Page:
IN FEBRUARY, PRESIDENT CLINTON and television industry leaders agreed that by 1998, every TV set sold in the United States would come with a V-chip. This is a device that parents can use to block out objectionable programs they do not want their children to watch. But since the U.S. is a democracy, and children do have certain civil rights, shouldn't TV makers also be required to install a device that can be used to block out programs that kids find objectionable? Consider, for example, the VH1 chip, a device that could be implemented to block out the more stultifying material on the one cable channel that no one under the age of 21 could possibly bear to watch. VH1, of course, is MTV's elephant graveyard, where old music videos go to die. The channel's image as a cultural mausoleum is not new. When VH1 first came on the air in 1985, it tried to reach an older audience with bland performers like Lionel Richie. It did not succeed. Today it has a split personality: Some of the time it essays a halfhearted irony by playing dated videos from the one-hit wonders of the 1980s or ancient clips from American Bandstand; the rest of the time it serves up a mixture of Phil Collins, Gloria Estefan, Bruce Hornsby, Hootie & the Blowfish and Mariah Carey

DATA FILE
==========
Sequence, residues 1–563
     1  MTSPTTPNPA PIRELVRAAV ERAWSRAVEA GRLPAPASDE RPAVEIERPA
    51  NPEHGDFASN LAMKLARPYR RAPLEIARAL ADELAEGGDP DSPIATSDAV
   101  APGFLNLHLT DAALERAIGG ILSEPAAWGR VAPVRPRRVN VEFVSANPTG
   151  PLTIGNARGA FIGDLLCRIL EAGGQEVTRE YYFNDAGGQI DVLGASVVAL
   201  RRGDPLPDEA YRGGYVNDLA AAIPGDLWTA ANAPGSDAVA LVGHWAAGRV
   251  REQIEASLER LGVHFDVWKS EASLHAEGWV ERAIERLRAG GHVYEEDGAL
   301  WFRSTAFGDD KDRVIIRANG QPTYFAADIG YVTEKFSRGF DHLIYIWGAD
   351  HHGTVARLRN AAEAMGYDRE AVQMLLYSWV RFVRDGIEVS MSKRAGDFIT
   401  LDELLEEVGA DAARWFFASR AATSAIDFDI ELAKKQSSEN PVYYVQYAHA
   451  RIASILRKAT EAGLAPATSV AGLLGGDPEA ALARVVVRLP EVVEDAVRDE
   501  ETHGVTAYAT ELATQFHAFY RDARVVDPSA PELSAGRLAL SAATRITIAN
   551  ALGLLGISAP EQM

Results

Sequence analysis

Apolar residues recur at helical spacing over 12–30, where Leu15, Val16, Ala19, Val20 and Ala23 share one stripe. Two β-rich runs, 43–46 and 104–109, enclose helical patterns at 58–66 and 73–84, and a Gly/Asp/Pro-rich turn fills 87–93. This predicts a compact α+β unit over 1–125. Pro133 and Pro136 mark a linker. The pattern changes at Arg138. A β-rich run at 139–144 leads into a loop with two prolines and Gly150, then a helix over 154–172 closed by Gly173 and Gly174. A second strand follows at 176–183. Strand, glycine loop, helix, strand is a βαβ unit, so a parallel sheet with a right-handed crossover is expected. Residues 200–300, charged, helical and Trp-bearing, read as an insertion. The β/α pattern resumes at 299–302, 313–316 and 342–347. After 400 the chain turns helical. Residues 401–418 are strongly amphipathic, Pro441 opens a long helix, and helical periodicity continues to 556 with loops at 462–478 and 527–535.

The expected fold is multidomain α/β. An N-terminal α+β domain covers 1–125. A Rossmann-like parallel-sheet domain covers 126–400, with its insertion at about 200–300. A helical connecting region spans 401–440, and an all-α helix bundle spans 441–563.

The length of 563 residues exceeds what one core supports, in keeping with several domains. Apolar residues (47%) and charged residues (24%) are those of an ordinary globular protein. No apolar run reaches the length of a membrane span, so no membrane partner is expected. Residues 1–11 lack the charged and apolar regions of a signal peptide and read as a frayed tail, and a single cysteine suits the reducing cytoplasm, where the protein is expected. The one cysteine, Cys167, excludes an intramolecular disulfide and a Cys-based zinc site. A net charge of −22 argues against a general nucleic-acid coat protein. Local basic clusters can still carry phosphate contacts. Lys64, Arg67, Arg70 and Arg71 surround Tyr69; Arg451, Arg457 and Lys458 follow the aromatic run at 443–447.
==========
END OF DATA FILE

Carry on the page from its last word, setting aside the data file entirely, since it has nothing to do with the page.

—a Middle of the Road Murderer's Row. VH1 also recycles its programming endlessly, constantly rebroadcasting contrived events such as its VH1 Honors awards ceremony, in which hosts like Oliver Stone, Susan Sarandon and Robin Williams explain how to make the world a better place, while Bryan Adams and Don Henley butcher Leonard Cohen songs. The most amazing thing about watching these reruns is that each time the show comes on, Peter Gabriel's voice seems to get a little flatter and Michael Stipe seems to get even sulkier. On the subject of recycling, VH1 has plans to screen "classic" rock-oriented movies such as The Rose, starring hard-rockin' Bette Midler, this summer. This is your last warning, kids: Activate that VH1 chip or get out of the house!